grandmother’s recipes: 8 posts

Rose Jam

“Do you remember Asya’s recipe for rose jam?” I ask my grandmother as I return to the house with a basket full of rose petals. A craggy shrub by the fence has suddenly sprouted into a mass of frilly pink blossoms, and I feel inspired. “No,” says Valentina, with an expression that accepts no arguments. “She wasn’t much of a cook. She never made jam.” I’m confused, because I do recall gathering roses for jam with my great-grandmother. Did I make it up, just like I concocted the story of my father being a Bollywood actor? Then my grandmother reconsiders. “You’re right, she did. Every summer. But it was terrible. Dark and overcooked.”

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The saccharine stories that preface many cookbooks, of learning cooking at grandmother’s side as she tenderly explains the right way to cut carrots or hull strawberries, aren’t part of my childhood recollections. Valentina has so little tolerance for imperfection, or deviations from her way of doing things, that cooking with her is as relaxing as being a Top Chef contestant. Asya, her mother, had no patience for mincing and sauteing; her passion was the garden. Perhaps, this is why I don’t remember eating her jam, only the intense honeyed fragrance of roses as we picked them.

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Crepe Cake with Sweet Cheese, Raisins and Raspberries (Solozhenyk)

I love nothing more than to pour a cup of tea and to flip through my great-grandmother Olena’s recipe books. Although there are many good cooks in my family, Olena was uncontested in her expertise and passion. I was a toddler when she passed away, but my mother and aunt’s stories and Olena’s handwritten books give shape to the woman of whom I only have a few sepia tinted photographs. Our family lore wouldn’t be complete without stories of Olena’s garlicky pork roasts, bright yellow sponge cakes filled with vanilla cream and raspberry compotes.

solozhenyk1

My favorites among Olena’s recipes are the forgotten old dishes that got lost during the decades of Soviet food shortages, standardization of the cuisine and obliteration of regional traditions. Some of it was forced by the state to create a market for commercial products; some of it was a part of a natural process as more women joined the work force and no longer had time to prepare complex meals. Olena’s recipes belong to another generation, but this is not to say that all of them are time consuming, extravagant affairs. For instance, her solozhenyk, crepe cake filled with lemony cheese garnished with raspberries, is elegant, but it’s also inexpensive and easy to make.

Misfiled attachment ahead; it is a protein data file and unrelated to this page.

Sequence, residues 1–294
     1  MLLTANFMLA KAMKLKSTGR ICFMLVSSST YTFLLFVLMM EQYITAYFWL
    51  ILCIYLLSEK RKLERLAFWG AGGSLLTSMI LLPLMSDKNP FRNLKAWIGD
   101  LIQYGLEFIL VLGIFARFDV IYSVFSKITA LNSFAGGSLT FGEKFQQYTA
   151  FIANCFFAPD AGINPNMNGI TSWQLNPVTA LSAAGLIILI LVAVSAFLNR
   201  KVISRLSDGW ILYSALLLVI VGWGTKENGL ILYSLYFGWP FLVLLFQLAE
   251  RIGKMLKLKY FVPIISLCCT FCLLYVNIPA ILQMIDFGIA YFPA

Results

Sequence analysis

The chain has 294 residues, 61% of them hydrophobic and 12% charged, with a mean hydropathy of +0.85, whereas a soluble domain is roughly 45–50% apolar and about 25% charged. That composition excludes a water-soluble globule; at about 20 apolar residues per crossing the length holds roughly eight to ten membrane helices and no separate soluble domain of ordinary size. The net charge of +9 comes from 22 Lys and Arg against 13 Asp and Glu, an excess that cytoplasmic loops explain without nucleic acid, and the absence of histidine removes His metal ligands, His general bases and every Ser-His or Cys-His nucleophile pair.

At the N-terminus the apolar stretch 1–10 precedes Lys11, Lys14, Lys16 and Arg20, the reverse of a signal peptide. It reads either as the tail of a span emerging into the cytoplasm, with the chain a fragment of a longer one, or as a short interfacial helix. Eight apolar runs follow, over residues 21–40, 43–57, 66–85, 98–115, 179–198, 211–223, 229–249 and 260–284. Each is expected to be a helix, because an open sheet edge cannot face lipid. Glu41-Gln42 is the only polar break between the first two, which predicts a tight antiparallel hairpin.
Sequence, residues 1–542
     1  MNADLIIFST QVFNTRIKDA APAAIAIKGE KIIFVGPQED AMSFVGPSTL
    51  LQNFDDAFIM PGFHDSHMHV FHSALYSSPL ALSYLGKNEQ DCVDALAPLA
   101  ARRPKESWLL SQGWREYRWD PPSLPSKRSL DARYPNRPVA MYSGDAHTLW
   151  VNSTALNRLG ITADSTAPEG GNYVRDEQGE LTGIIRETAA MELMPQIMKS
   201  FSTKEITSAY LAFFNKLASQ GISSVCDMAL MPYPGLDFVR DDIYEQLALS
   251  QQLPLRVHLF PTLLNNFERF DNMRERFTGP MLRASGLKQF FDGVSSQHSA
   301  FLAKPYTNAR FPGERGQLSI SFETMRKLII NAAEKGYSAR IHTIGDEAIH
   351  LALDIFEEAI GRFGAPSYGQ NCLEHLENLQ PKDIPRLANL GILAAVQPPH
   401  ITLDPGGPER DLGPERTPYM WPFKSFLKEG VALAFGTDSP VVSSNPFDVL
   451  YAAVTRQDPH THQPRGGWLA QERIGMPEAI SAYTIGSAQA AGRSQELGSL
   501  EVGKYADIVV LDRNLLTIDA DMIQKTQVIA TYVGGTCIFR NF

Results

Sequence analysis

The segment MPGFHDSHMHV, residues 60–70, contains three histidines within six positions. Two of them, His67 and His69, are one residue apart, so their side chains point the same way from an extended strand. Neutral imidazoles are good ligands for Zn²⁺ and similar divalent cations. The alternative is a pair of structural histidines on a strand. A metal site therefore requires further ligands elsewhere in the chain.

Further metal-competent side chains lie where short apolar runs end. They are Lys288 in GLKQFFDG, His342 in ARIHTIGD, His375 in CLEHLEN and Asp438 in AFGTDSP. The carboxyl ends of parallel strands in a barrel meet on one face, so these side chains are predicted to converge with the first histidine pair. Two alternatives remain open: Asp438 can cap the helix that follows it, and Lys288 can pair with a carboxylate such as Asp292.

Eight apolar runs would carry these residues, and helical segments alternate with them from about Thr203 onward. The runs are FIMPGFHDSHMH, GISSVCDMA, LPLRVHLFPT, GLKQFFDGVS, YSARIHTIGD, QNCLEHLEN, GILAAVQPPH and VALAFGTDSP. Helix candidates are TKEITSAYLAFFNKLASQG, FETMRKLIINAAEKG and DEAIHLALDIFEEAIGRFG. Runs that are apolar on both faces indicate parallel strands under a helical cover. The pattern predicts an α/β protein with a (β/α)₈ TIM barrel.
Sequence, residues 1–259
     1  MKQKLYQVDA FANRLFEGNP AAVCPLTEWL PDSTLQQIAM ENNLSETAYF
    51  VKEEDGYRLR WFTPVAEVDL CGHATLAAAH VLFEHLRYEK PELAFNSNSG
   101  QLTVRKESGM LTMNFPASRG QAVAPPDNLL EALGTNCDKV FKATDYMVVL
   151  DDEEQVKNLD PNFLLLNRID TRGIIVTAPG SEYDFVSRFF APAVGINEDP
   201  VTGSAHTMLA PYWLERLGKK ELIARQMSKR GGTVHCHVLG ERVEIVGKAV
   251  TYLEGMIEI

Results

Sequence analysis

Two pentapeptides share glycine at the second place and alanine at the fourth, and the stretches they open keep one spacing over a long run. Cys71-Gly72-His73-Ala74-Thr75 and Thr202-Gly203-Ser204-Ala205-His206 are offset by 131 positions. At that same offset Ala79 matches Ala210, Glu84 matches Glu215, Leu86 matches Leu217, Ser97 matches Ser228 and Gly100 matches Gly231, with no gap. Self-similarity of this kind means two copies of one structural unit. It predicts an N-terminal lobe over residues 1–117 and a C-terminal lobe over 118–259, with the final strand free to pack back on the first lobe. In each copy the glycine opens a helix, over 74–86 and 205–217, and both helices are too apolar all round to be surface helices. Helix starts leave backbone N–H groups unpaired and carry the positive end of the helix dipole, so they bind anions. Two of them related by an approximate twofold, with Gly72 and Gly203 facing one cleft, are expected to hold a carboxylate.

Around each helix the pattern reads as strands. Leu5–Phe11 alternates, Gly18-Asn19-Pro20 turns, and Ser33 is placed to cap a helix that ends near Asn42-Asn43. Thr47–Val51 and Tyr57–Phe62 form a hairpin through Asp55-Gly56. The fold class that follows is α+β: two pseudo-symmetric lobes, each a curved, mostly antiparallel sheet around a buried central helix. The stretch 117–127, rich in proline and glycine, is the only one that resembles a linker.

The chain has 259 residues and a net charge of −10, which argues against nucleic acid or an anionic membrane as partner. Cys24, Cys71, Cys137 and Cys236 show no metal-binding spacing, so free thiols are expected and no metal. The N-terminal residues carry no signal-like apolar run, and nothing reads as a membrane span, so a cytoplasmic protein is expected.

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Uzvar : Ukrainian Spiced Fruit Compote

On January 6th my house smells like dried apricots and honey. It’s the Orthodox Christmas Eve, which in Ukrainian is called Svyata Vecherya, the Holy Supper, and two dishes central to it are kutya and uzvar. I have written about kutya already, but uzvar deserves special mention, because this spiced fruit compote is not only delicious, it has a heady perfume.

uzvar1

Uzvar is not only paired with kutya for the Ukrainian Christmas and Easter, it’s a favorite winter dessert in my family. It’s simple, healthy and can be varied based on what’s available in the cupboard. I can still picture my great-grandfather, Sergiy, laying out sliced apricots to dry on the roof of the garden shed and smoking plums over cherry wood. “For uzvar in the winter,” he would say, while turning the dark, jammy fruit.

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Walnut Crescents : Vanilla and Cinnamon

“Did you buy stock in a walnut farm?” asked my husband when I returned home from the market with a bag full of tawny colored nuts. I simply couldn’t resist them. The flavor is creamy and sweet, with hints of maple syrup and spice. What better way to finish a meal than with a glass of port, a handful of walnuts and a slice of blue-veined cheese?

crescents7

But the other evening, as my grandmother told me about her 40 pound walnut harvest, I was inspired to browse through my family recipe books for something Ukrainian themed. My grandmother’s walnut and honey torte and rich walnut roll are delectable, but they are desserts for times when you have a whole evening to devote to cooking. By contrast, I had just finished my work day and was too exhausted to tackle a complicated project. So, I settled on a recipe for walnut crescents that I knew by heart.

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Green Salad with Egg and Dill Dressing : Summer

Among the many things that perfumery and cuisine have in common is their ability to take you back into the past. A whiff, a taste, and you’re in another time and place. My Proustian madeleine was a  green salad my grandmother put together when we suddenly discovered that our lettuce patch was about to be overgrown. Since wasting food is a cardinal sin in our household, I was sent to pick the lettuce and herbs, while my grandmother boiled eggs and whipped a simple sour cream dressing. The combination of dill’s spicy licorice, tart cream and slightly bitter greens was refreshing, but it also reminded me of my childhood so poignantly that for a while I sat with my fork mid-motion.

green salad20 years later

Among my grandmother’s large repertoire, salads never played a big role. Depending on the season, we always had a large plate of fresh vegetables on the table–cucumbers sprinkled with salt, sliced tomatoes, radishes or spring onions, but the salad was hardly more than slivered cabbage tossed with parsley, dill and toasted sunflower seed oil. Green salad wasn’t even considered food fit for humans, and I vividly recall my great-grandmother pointing to a pile of lettuce and saying that only during the famine of the 1930s would she eat that “green nonsense.”

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